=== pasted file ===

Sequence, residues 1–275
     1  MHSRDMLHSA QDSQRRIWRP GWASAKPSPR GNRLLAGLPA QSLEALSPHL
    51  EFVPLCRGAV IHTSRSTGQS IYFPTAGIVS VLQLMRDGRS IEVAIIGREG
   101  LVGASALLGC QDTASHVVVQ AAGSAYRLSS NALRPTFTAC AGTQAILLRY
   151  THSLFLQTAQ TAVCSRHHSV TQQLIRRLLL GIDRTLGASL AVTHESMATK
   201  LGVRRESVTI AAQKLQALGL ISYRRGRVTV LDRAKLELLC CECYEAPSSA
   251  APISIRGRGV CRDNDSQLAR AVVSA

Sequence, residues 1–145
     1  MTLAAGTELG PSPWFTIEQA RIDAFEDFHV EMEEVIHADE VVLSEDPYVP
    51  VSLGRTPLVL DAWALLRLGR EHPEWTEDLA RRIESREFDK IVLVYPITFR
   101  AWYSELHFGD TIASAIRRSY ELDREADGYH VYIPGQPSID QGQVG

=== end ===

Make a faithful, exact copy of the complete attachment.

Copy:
Sequence, residues 1–275
     1  MHSRDMLHSA QDSQRRIWRP GWASAKPSPR GNRLLAGLPA QSLEALSPHL
    51  EFVPLCRGAV IHTSRSTGQS IYFPTAGIVS VLQLMRDGRS IEVAIIGREG
   101  LVGASALLGC QDTASHVVVQ AAGSAYRLSS NALRPTFTAC AGTQAILLRY
   151  THSLFLQTAQ TAVCSRHHSV TQQLIRRLLL GIDRTLGASL AVTHESMATK
   201  LGVRRESVTI AAQKLQALGL ISYRRGRVTV LDRAKLELLC CECYEAPSSA
   251  APISIRGRGV CRDNDSQLAR AVVSA

Sequence, residues 1–145
     1  MTLAAGTELG PSPWFTIEQA RIDAFEDFHV EMEEVIHADE VVLSEDPYVP
    51  VSLGRTPLVL DAWALLRLGR EHPEWTEDLA RRIESREFDK IVLVYPITFR
   101  AWYSELHFGD TIASAIRRSY ELDREADGYH VYIPGQPSID QGQVG